Item description for Auto Mechanic's Daughter (Black Goat) by Karen Harryman...
"In Karen Harryman's hands everything becomes a blessing."-Ellen Bass, author of Mules of Love
Charting the vicissitudes of her own life, and the travails and triumphs of the lives of those whom she knows and loves, Karen Harryman's poems travel great distances, both internally and geographically.
Karen Harryman lives in Burbank, California, with her husband Kirker Butler. Auto Mechanic's Daughter is her first book.
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Est. Packaging Dimensions: Length: 8.8" Width: 6" Height: 0.3" Weight: 0.25 lbs.
Release Date Sep 1, 2007
Publisher Akashic Books
ISBN 1933354364 ISBN13 9781933354361
Availability 1 units. Availability accurate as of May 27, 2017 11:05.
Usually ships within one to two business days from La Vergne, TN.
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More About Karen Harryman
Karen Harryman lives in Burbank, CA, with her husband Kirker Butler. Her poems have been published in Poetry New Zealand, Writing Who We Are: An Anthology of Kentucky Feminists, and 52%, a literary magazine published by The Womyn's Center of Ottawa, Canada. Auto Mechanics Daughter is her first book.
Reviews - What do customers think about Auto Mechanic's Daughter (Black Goat)?
Insightful Poetry May 19, 2008
Karen Harryman's insightful viewpoint uplifts as well as informs the reader. She transports one to different places and times with gifted talent and literary skill. Can't wait for her next publication!
Reflecting the author's own trials and challenges Mar 5, 2008
Auto Mechanic's Daughter is an anthology of free-verse poetry by published poet Karen Harryman, whose work has appeared in "Alaska Quarterly Review", "Los Angeles Review", "Poetry New Zealand", and "Cortland Review", among other places. Reflecting the author's own trials and challenges, the poems speak of growing up in Kentucky, moving to California, and the culture shock that accompanies setting out to make a bold change in one's life. An open, heartfelt, and unforgettable glimpse into the hardships and rewards of surviving transition. "At Least": In May and June / there are the jacarandas' / purple blossoms fallen / on green lawns of every block // reminding me of home / how bluegrass isn't blue / until it gives up that flower / until it goes to seed.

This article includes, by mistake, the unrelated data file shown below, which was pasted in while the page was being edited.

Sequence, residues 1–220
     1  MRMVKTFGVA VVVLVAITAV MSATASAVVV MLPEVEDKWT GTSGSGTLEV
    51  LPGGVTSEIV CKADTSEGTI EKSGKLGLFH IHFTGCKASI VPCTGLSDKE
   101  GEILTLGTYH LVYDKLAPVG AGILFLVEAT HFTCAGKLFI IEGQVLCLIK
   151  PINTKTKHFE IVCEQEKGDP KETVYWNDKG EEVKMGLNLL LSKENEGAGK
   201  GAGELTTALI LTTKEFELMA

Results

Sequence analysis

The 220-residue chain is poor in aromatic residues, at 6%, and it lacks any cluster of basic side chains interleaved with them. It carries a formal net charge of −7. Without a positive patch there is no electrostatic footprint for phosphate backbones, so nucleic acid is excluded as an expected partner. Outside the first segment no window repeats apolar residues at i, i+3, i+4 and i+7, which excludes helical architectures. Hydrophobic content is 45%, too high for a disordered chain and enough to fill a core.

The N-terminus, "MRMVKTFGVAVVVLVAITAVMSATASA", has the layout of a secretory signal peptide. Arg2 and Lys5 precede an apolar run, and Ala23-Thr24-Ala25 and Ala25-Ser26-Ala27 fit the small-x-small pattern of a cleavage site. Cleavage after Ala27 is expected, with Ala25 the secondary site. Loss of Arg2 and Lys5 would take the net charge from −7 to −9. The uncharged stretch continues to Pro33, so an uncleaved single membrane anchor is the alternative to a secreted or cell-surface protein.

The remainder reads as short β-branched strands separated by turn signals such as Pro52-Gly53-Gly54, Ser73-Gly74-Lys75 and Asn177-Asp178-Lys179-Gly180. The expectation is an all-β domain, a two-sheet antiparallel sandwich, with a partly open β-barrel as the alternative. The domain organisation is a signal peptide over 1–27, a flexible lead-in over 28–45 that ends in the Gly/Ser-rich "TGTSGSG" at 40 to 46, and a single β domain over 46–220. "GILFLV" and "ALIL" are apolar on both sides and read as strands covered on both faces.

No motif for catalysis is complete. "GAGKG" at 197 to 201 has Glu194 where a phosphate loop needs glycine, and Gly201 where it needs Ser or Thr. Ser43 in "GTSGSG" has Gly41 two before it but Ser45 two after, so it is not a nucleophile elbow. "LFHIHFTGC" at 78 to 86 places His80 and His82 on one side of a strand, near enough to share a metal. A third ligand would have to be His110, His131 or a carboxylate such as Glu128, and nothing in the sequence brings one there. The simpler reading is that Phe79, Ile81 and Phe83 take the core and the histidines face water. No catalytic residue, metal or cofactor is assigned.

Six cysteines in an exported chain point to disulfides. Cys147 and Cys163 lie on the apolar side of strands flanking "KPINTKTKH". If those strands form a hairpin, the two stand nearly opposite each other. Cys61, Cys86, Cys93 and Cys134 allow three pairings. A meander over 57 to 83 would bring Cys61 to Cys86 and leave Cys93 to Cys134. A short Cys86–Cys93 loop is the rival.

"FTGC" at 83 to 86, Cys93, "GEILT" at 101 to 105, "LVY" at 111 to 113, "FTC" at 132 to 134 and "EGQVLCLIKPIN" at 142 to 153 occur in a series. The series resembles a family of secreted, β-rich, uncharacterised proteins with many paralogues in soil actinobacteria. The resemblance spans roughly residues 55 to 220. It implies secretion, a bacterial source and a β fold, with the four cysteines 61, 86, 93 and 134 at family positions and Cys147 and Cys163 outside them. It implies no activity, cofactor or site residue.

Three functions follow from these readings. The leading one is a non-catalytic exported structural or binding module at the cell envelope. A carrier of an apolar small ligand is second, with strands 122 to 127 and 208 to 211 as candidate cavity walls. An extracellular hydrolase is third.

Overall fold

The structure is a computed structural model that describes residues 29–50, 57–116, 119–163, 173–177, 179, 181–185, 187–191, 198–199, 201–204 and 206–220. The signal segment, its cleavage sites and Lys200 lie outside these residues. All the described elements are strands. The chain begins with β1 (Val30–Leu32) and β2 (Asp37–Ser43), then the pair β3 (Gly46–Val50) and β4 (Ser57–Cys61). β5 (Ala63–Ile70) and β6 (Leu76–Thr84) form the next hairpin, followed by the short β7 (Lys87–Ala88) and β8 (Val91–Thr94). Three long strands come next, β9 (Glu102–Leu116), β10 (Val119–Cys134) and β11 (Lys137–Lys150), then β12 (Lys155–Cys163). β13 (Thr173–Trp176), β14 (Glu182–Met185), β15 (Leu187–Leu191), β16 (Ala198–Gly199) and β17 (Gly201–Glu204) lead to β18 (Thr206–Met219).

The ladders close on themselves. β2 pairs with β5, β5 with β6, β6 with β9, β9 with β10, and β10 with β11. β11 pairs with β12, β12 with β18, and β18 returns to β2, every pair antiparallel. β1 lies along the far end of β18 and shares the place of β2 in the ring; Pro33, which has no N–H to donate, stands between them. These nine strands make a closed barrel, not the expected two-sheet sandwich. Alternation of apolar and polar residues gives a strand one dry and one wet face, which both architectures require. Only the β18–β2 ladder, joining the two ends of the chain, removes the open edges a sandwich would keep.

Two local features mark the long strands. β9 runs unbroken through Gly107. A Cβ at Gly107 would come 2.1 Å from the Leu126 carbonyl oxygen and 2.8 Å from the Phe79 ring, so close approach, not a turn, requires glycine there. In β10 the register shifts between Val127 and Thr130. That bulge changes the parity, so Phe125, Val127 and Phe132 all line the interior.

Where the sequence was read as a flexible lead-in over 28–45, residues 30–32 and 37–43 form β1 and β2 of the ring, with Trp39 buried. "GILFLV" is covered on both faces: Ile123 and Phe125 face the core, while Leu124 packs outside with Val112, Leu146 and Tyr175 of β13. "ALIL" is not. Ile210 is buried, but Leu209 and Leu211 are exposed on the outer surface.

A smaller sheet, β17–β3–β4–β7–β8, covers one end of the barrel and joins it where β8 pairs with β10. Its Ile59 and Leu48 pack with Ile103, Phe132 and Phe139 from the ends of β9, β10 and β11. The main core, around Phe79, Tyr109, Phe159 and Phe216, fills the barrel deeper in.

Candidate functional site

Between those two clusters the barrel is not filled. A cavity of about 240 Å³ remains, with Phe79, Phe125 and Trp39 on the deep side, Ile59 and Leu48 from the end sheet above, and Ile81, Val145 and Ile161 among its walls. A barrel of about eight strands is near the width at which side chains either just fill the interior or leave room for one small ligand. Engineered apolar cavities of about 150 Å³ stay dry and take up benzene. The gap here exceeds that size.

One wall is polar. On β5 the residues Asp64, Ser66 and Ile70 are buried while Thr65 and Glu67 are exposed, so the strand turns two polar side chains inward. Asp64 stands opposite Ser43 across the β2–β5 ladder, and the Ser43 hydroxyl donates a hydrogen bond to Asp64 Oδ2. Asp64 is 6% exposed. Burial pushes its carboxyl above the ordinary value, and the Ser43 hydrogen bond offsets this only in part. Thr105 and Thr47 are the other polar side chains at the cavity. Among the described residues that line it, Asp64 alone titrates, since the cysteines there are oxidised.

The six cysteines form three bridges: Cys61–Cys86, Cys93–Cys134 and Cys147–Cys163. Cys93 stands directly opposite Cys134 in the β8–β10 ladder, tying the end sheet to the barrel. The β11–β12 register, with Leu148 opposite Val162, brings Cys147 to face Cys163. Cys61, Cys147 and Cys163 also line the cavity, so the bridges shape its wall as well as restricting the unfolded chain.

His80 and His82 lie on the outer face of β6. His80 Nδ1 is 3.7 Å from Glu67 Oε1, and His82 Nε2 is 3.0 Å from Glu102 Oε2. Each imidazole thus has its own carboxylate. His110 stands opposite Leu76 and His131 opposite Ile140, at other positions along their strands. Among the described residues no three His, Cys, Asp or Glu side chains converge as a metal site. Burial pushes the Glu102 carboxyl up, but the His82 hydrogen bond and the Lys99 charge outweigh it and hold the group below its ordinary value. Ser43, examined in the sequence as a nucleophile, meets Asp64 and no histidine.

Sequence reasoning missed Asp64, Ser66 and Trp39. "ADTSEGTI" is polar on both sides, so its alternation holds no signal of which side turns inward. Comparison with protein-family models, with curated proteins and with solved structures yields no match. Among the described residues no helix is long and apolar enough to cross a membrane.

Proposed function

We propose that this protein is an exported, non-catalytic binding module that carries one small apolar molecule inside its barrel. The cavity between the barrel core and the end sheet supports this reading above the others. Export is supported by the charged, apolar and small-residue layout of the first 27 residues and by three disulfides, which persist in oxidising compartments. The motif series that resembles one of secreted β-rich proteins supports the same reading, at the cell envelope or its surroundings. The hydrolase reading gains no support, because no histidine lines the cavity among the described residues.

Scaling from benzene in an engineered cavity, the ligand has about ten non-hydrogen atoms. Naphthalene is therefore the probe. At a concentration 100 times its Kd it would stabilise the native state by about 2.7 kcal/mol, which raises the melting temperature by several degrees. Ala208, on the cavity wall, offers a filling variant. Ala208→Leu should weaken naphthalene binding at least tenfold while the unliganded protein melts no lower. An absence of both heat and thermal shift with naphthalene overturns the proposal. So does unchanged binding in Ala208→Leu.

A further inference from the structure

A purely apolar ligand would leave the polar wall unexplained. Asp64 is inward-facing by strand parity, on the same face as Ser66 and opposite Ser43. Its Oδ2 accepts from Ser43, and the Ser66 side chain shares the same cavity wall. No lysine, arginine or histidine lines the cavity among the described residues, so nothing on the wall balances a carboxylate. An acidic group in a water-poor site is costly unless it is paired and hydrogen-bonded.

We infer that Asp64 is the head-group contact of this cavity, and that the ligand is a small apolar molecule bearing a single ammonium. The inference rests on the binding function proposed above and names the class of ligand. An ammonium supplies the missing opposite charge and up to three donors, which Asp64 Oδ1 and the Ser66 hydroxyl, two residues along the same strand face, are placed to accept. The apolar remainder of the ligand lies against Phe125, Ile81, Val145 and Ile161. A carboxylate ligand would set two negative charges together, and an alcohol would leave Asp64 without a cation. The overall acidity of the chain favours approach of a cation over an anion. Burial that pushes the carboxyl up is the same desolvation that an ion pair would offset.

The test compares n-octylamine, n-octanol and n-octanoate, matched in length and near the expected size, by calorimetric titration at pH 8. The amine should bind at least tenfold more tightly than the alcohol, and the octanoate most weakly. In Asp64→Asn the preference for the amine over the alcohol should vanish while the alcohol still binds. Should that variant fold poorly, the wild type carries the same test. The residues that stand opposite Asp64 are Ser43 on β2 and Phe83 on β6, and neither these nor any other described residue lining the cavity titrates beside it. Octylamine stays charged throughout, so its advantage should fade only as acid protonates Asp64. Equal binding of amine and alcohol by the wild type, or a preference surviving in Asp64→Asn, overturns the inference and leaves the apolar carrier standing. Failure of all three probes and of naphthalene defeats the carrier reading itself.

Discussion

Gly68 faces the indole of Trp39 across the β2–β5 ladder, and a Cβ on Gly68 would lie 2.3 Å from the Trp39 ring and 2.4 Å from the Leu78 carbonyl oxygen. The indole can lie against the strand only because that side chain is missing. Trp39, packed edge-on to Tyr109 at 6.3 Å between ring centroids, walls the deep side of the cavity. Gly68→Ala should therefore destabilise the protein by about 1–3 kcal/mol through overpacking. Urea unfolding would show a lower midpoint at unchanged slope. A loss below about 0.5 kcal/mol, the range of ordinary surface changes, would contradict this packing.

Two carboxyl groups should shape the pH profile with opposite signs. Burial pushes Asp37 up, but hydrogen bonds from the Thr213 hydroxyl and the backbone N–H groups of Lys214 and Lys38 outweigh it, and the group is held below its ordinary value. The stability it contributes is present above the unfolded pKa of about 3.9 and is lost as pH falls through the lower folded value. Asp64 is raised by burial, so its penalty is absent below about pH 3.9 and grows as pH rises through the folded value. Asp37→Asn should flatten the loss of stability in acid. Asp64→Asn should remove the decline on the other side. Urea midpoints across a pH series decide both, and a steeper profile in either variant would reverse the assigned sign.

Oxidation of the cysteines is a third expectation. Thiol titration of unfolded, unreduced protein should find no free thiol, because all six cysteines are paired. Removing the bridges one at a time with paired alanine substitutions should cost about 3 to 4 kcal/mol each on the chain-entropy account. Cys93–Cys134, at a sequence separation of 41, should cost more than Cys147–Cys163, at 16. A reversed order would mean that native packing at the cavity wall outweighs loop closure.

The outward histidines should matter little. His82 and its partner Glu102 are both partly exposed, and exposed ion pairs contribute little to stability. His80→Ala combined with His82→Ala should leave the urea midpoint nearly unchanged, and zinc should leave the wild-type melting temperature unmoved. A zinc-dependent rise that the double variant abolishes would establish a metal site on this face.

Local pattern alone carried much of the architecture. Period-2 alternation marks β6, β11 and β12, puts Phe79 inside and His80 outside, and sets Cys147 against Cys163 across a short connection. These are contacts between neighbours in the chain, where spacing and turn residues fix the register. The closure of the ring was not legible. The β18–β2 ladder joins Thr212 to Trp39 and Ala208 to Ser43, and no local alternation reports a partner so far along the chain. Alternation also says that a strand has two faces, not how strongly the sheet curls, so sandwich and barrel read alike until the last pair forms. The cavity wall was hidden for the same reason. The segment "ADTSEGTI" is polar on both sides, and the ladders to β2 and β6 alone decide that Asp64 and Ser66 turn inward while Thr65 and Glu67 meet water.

A non-poetry guy just loved this book of poetry... Sep 14, 2007
Well, a non-poetry guy just loved this book of poetry. I'm genuinely surprised at how many emotions I felt as I read Karen Harryman's poems... and really amazed at how powerful some of them felt, considering how few words she sometimes chose to use. Some of my favorites were "Washing Dishes"... "Anniversary"... "The Truth"... "White Trash Blessing"... and of course, the "Auto Mechanic's Daughter". Many of them have the feeling that they were written by someone who has walked through several different lifetimes, all in the same pair of very worn shoes... especially "White Trash Blessing". I should say here that I'm the kind of guy who thought poetry had to rhyme and usually end in some sort of filthy but funny joke, so I can't emphasize enough how much I enjoyed reading this book... and how much the poems truly touched me... and how I now wished I had parceled out the poems over the course of a month, reading one a night, instead of having read them all in one sitting. I will be sure to not make that mistake on Karen Harryman's next book.